Retrofitted pop band The Clientele had obvious roots in the hazy, autumnal glare of Galaxie 500 and Felt. Just as those bands took their Velvet Underground and Television records to heart without being derivative, The Clientele were able to chalk up an extensive discography riddled with lush melodies of their own without sounding like a tribute band. Think of your favorite '60s pop band and odds are they're in the Clientele's blood.
The London-based band formed in mid-1997, consisting of Alasdair MacLean (guitar and vocals), Innes Phillips (guitar and vocals), James Hornsey (bass), and Howard (drums). Mark Keen replaced the academically occupied Howard toward the end of 1999; Phillips left early on to form the Relict, a group with a varied membership that has occasionally included Clientele members. After debuting on the Fierce Panda label's Cry Me a Liver compilation, the Clientele released a slew of singles, compilation contributions, and EPs in short order. Most significantly, March released A Fading Summer in 2000, an EP that harvested some of the band's hard to find singles and a couple new recordings. Later that year, the full-length Suburban Light (another compilation of previously recorded material) was issued by Pointy.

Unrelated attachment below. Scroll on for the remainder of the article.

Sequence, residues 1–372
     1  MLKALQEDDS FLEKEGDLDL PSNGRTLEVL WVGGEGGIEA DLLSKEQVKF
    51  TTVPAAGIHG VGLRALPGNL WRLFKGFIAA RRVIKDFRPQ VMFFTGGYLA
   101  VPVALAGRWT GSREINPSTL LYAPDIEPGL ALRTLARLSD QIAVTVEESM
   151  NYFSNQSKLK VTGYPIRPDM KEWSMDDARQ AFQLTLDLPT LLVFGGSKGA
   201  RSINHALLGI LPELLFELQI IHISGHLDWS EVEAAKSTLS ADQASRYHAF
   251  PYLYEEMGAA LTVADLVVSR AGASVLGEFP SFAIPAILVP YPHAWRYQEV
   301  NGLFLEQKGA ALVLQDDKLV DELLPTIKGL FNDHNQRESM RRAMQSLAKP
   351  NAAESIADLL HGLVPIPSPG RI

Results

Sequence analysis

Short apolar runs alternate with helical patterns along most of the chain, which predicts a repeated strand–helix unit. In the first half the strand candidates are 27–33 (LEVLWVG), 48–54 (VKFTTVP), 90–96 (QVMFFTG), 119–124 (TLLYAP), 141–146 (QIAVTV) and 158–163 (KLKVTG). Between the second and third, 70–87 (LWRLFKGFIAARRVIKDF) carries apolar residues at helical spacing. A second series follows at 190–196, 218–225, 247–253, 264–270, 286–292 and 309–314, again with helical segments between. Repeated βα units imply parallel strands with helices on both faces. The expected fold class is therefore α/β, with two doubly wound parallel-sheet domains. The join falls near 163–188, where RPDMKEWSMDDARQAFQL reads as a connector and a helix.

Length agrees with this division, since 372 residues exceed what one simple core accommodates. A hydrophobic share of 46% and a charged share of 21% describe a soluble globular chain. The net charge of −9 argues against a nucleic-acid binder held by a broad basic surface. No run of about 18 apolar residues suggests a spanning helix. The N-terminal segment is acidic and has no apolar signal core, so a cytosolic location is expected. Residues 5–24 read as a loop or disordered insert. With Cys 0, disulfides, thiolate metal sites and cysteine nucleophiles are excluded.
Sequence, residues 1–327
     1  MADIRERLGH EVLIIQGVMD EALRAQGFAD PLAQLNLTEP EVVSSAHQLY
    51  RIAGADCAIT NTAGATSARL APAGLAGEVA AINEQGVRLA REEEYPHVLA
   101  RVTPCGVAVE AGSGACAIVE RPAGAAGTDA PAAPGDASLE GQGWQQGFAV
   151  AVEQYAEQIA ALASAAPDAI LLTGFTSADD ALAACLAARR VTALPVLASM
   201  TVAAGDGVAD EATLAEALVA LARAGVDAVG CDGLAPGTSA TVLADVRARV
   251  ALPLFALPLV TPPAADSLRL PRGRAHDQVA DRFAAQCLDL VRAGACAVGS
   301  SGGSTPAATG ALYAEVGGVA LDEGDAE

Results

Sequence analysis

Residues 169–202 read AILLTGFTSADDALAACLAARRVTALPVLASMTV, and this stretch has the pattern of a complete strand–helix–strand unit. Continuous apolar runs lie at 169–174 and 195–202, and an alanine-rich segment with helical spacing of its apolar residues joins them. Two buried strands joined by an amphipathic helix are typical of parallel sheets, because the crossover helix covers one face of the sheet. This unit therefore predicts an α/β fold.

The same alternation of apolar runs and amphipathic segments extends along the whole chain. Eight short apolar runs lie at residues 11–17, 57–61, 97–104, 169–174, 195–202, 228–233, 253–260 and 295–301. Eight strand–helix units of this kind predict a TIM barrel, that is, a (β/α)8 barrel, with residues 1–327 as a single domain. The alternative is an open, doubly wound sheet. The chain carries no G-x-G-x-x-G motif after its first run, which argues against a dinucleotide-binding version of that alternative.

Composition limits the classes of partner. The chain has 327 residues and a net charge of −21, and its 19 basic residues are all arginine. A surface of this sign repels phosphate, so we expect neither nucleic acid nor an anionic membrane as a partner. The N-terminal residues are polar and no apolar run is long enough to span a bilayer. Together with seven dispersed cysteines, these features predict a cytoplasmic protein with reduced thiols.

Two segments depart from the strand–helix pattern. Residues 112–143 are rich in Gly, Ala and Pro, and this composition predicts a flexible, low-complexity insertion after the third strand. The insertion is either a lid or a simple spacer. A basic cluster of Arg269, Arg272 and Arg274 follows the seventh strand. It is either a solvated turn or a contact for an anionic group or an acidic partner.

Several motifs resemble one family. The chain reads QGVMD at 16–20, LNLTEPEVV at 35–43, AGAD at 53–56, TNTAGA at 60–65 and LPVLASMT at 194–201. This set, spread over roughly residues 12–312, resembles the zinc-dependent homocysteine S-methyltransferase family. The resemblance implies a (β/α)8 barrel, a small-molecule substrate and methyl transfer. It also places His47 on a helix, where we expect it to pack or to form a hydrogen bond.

The band hooked up with Merge Records in early 2001, which issued Suburban Light in the U.S. months later. The Lost Weekend EP came out on Acuarela in 2002, which was followed a year later by their first proper album and Popfrenzy debut, The Violet Hour. Strange Geometry arrived in 2005, and in 2006 the band added keyboardist/violinist/percussionist Mel Draisey to its ranks. God Save the Clientele, which featured production by Mark Nevers of the band's U.S. band Lambchop, was released in mid 2007. Bonfires on the Heath, another release for Popfrenzy, is in stores late November 2009.